It’s that exciting time of year! Cap and gowns are coming in and Pomp and Circumstance is running through your head as you prepare for the big event. If you’re a parent of a soon-to-be high school graduate, dollar signs may be running through your head as well, along with advice … and lots of it!
If you’re a grad, get ready to hear life experience stories from your graduation speaker and many others. The Federal Trade Commission (FTC) has some advice for you as well. Learn how to recognize financial scams. Younger people report losing money to fraud more often than older generations. According to Colleen Tressler, Consumer Education Specialist, FTC, 43% of those who reported fraud were in their 20s, while only 15% were in their 70s.
What can you do to help avoid financial fraud?
– Never give out money or any personal identifying information (PII) in response to an unexpected request. Be wary of texts, phone calls and emails. Scammers commonly pretend to be someone you trust.
– Do your research. Be smart with your online searches and use terms like “complaint,” “scam” or “alert” along with the company name when you search.
– Understand that there’s no such thing as truthful caller ID anymore.
– Don’t wire money. Government and legitimate companies will not require you to pay for products or services with a re-loadable gift card. Even using cards like iTunes and Google Play are risky.
– Recognize that robocalls are illegal and should be reported to the FTC. If you mistakenly answer one of these calls, hang up immediately.
Looking for a job after graduation can be quite stressful especially if you’re supporting yourself for the first time.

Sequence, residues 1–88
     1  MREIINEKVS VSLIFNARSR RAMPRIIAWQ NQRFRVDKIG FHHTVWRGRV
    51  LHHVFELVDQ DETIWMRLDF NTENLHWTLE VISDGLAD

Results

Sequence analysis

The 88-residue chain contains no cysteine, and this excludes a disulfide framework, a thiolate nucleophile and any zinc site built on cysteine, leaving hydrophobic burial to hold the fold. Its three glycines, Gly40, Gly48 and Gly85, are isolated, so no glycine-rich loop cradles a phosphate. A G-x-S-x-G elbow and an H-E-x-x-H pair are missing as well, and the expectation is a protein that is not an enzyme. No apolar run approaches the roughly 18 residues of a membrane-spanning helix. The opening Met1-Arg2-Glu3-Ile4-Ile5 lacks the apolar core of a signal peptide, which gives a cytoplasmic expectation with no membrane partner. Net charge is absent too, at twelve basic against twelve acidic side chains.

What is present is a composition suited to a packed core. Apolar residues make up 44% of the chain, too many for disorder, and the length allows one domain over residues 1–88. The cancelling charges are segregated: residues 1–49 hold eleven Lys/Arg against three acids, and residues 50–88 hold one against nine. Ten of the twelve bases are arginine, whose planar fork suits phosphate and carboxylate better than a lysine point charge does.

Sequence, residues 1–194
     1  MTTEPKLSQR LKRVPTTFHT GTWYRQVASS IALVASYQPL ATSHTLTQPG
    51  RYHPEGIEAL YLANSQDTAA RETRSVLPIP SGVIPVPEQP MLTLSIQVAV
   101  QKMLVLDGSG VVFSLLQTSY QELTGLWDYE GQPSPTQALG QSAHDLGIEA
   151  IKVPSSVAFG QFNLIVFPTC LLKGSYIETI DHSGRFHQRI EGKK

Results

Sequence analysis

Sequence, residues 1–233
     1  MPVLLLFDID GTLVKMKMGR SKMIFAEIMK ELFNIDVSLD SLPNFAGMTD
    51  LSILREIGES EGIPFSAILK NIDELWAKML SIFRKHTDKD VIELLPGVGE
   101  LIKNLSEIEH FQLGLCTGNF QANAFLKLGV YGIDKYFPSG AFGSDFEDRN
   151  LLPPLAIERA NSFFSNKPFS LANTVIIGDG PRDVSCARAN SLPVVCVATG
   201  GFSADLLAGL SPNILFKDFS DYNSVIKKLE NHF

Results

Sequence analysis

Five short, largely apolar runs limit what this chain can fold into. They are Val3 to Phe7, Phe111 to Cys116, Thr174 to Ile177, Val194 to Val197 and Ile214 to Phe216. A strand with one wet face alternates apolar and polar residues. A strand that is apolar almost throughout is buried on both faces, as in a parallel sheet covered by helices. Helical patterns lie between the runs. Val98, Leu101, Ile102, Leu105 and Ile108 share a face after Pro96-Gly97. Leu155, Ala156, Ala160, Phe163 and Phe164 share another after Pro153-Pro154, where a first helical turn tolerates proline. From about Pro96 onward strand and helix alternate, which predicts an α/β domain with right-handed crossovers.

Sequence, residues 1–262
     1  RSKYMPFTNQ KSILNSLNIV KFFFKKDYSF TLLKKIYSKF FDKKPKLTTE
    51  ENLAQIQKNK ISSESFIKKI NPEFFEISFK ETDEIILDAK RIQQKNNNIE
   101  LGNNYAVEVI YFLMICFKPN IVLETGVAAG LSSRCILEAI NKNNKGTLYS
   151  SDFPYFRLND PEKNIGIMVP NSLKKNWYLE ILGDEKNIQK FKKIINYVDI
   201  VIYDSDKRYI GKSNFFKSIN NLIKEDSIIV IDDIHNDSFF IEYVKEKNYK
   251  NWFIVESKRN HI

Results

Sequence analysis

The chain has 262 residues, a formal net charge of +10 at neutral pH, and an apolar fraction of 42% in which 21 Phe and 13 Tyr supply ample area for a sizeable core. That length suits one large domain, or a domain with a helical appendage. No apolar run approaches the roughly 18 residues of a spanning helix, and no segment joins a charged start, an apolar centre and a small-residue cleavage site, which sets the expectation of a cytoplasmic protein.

– Check out job placement firms closely. These companies should not be charging high fees in advance for any type of service without a guarantee of placement.
– Keep in mind that the promise of a job isn’t the same thing as job. If you have to pay for that promise, it’s likely a scam. Read More
– Realize that there are many fake jobs listed on social media. Google the company name and visit their website along with the search term “career.” If jobs are not listed on their website and nothing comes up on Google, those are red flags.
– Don’t give out any credit or bank account information over the phone to a company unless they have hired you and have agreed to pay you something.
– Get job details in writing and take time to go over the small print. A legitimate company won’t pressure you into making an on-the-spot decision regarding your career.
CNN recently reported some smart money moves for graduates, such as aiming to live within your means and knowing what your means actually are. Check out their tips HERE.
Congratulations and make sure you enjoy your special day. We wish you the best of luck in your future endeavors!
For more information, visit https://www.consumer.ftc.gov.
Photo courtesy Jonathon Daniels via unsplash.com.